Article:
Star scientists and their positions in the Canadian biotechnology network
AbstractThis paper identifies the prominent inventors (star scientists) in the Canadian biotechnology co-inventorship network by taking into consideration either only patent quantity or both patent quantity and quality. The paper studies the positions of these stars in the network structure and results show that inventors with a higher number of patents assume more central positions in the network: they have more collaborators, enjoy better access to information and also have greater control over knowledge flows in the network. Nevertheless, their network positions do not have higher levels of local cliquishness, suggesting that a clustered local neighbourhood may not have any positive impact on a scientist's innovative productivity. We also find that the majority of the stars play a knowledge gatekeeping role - nurturing clusters with knowledge originating outside. Finally, we examine and discuss the network dynamics and the role of these stars in the information transmission efficiency.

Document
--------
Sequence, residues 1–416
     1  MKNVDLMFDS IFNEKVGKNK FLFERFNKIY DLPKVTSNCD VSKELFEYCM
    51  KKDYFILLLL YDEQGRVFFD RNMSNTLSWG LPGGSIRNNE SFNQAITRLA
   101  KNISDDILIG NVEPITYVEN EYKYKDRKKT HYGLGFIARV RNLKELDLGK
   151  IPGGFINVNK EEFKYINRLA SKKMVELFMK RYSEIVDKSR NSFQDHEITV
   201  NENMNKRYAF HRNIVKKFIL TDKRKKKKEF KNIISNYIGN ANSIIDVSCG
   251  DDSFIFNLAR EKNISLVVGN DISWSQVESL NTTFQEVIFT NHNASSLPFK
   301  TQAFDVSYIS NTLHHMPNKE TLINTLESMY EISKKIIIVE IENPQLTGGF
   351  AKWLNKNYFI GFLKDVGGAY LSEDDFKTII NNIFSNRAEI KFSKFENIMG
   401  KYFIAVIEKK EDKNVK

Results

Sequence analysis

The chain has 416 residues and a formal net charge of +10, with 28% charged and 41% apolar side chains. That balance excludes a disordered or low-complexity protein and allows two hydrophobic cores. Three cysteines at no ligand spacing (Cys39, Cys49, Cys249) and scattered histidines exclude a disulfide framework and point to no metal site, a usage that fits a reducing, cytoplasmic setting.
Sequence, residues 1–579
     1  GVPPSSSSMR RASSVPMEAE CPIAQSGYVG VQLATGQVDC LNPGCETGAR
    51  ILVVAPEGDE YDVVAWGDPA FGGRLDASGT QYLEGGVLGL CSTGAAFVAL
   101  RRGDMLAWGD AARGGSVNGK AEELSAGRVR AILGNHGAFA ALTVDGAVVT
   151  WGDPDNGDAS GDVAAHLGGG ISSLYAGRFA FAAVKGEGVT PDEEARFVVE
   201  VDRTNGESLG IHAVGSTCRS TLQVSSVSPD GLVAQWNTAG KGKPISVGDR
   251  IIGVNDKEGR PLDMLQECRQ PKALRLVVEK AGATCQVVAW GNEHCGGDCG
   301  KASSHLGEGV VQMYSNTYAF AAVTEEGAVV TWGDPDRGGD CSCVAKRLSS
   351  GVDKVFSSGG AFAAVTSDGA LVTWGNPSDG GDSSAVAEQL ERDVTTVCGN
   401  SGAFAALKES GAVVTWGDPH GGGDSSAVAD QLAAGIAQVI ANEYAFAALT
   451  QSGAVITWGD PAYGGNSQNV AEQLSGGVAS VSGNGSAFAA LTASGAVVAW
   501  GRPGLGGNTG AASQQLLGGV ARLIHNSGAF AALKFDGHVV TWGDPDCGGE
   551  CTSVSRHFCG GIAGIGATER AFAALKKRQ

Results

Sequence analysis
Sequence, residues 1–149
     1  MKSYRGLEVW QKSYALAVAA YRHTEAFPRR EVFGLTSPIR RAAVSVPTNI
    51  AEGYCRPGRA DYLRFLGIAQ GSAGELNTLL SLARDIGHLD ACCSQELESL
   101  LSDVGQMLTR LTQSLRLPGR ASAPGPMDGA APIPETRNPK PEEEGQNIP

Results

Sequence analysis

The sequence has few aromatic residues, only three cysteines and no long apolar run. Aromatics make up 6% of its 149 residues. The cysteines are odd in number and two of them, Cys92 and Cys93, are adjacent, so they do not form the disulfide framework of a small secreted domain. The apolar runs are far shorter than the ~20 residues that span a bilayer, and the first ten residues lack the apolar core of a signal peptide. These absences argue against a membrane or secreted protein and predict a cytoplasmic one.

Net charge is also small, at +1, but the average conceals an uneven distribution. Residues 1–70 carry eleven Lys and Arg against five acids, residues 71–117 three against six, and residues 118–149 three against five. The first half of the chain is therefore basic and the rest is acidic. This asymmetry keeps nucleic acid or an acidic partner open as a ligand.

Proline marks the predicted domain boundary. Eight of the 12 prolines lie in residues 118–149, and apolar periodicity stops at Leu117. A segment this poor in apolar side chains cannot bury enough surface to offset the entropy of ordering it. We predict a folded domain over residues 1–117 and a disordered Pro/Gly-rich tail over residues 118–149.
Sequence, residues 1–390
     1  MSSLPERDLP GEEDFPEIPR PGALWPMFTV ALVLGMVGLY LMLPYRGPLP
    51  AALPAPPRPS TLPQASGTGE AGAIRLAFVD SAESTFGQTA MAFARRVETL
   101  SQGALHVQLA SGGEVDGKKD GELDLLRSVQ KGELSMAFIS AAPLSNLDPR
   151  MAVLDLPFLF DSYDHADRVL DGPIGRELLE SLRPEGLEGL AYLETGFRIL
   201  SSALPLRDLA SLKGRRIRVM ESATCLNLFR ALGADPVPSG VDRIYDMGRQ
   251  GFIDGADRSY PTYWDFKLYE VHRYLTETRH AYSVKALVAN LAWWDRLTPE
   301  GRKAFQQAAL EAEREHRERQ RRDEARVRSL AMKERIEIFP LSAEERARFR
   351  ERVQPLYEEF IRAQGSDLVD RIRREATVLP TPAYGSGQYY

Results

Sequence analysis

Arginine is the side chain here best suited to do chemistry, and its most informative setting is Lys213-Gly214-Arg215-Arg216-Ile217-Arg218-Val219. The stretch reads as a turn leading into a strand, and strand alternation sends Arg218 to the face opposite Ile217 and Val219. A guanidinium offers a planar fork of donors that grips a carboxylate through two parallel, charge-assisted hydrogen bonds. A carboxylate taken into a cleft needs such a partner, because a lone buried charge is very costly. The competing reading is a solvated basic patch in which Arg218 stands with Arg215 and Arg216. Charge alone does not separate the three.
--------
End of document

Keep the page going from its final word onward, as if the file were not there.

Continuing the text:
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Bibliographic InfoArticle provided by Taylor & Francis Journals in its journal Economics of Innovation and New Technology.
Volume (Year): 20 (2011)
Issue (Month): 4 ()
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- Subramanian, Annapoornima M. & Lim, Kwanghui & Soh, Pek-Hooi, 2013. "When birds of a feather don’t flock together: Different scientists and the roles they play in biotech R&D alliances," Research Policy, Elsevier, vol. 42(3), pages 595-612.
- Catherine Beaudry & Andrea Schiffauerova, 2011. "Is Canadian intellectual property leaving Canada? A study of nanotechnology patenting," The Journal of Technology Transfer, Springer, vol. 36(6), pages 665-679, December.
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